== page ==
Home > About

About

The Project

This project was born from an ongoing collaboration between the UCLA Chicano Studies Research Center (CSRC), and the Church of the Epiphany. The CSRC is home to the Church of the Epiphany Civil Rights Collection and works closely with civil rights activist and Epiphany historian, Rosalio Muñoz. In preparation for the 50th anniversary of the Chicano Moratorium (August 29, 1970) in East Los Angeles, we wanted to create something that would help create greater insight and learning about the events that led up to the moratorium, the people involved, and why/how it happened and has since affected not just Chicana/os and Latina/os but Americans.

Thanks to the UCLA Information Studies' Community Archives Internship Program (funded by the Andrew W. Mellon Foundation), we had help from Chantel Diaz, a second-year graduate student, who processed and digitized archives related to the Chicano Moratorium and helped us to disseminate those archives and resources through this website. She helped create and start this project during her year-long internship with the CSRC in the 2019-2020 academic school year.

Over the summer, we have had additional help from two undergraduate interns from two separate fellowship programs: Amado Castillo, a third-year undergraduate studying Chicana/o Studies and Sociology at UCLA, who comes to us from the Getty Marrow Undergraduate Internship Program. Then, Monique Garcia, a second-year undergraduate studying Chicana/o Studies at California State University, Fullerton, who comes to us from the Mellon-Mays Undergraduate Fellowship Program. A huge shout out to our students for all their hard work and passion to preserve this history with us.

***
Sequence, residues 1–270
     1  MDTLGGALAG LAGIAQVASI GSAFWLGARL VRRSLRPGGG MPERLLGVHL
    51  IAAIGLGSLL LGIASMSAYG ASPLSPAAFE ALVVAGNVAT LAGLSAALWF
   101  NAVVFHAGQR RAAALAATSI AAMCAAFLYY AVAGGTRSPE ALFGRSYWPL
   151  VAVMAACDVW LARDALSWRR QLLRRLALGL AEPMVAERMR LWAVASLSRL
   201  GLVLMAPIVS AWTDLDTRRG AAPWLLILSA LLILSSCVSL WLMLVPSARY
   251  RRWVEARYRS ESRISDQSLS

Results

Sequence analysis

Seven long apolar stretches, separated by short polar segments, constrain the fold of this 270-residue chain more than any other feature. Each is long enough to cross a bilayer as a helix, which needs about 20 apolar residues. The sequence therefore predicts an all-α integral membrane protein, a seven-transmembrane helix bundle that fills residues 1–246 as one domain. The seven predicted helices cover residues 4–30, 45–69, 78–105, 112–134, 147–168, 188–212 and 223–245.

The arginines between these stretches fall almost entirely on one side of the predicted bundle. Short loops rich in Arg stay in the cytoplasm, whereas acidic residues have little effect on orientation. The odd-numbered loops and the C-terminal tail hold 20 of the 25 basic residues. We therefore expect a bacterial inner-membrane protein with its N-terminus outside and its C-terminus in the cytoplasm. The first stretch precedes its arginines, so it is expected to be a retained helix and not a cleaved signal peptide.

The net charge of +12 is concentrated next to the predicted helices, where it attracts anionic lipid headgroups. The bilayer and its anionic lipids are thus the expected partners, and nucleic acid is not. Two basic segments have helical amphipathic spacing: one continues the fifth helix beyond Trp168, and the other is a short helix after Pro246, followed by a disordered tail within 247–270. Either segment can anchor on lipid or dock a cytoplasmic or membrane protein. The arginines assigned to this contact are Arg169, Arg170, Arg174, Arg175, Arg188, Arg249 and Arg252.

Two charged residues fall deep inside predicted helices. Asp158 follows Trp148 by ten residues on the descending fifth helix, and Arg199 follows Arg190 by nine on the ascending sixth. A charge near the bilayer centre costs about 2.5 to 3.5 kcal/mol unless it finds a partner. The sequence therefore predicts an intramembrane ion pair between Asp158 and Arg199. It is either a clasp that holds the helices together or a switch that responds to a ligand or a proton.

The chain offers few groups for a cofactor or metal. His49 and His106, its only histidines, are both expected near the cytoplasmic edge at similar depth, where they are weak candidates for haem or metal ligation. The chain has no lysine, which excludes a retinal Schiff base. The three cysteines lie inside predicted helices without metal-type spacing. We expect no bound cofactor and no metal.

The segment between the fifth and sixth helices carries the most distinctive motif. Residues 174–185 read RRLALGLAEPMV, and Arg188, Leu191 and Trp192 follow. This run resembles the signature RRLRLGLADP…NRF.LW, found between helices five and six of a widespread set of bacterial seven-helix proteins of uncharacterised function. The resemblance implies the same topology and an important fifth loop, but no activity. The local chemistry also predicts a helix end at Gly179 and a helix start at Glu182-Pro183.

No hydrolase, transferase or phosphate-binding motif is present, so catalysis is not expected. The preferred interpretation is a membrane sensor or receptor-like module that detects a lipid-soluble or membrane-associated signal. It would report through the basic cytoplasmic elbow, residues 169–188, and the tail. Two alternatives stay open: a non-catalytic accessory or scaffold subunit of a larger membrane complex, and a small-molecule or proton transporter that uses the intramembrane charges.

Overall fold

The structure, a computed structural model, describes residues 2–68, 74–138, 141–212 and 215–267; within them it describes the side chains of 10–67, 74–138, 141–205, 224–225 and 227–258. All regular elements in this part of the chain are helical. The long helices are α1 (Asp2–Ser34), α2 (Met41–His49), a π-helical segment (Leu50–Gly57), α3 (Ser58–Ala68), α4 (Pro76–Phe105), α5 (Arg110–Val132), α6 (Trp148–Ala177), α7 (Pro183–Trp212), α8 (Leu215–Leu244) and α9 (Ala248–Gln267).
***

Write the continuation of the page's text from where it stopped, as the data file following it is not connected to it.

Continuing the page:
Last, we hope this will become a community effort and an archive into itself documenting testimonios from people who connect to the movement then and now.

- Xaviera Flores, CSRC Librarian and Archivist


The Organizations

UCLA Chicano Studies Research Center

CSRC logo

"We are committed to research that makes a difference."

Since its founding in 1969, the UCLA Chicano Studies Research Center (CSRC) has played a pivotal role in the development of scholarly research on the Chicano-Latino population, which is now the largest minority group in the United States. Our research mission is supported by five distinct components: a library with special collections archive, an academic press, collaborative research projects, public programs, and community-based partnerships, and a competitive grants and fellowships program.

The CSRC Library is dedicated to acquiring primary source materials that document the life experiences of and the local and national organizations affiliated with these communities, with an emphasis on Southern California. Our holdings document the Chicano/Latino experience in the areas of the arts, music, literature, health, history, policy, immigration, border studies, education, religion, language, gender, and sexuality. We work closely with community groups to ensure that our projects not only safeguard the historical record but also contribute to the more immediate needs of the community.

For more information, please visit the CSRC website.

qTkdLS3y.jpg

Church of the Epiphany

Founded in 1887, the Church of the Epiphany is the oldest sustaining Episcopal congregation in Los Angeles. The Church of the Epiphany has borne witness to the transformation of Lincoln Heights from an Anglo suburb into a community of Mexican immigrants and Chicanx. It reflects not only the rich architectural heritage of its neighborhood but also deeply important social and political developments in the latter half of the 20th century... - Los Angeles Conservancy

For more information, please visit the Church of the Epiphany website.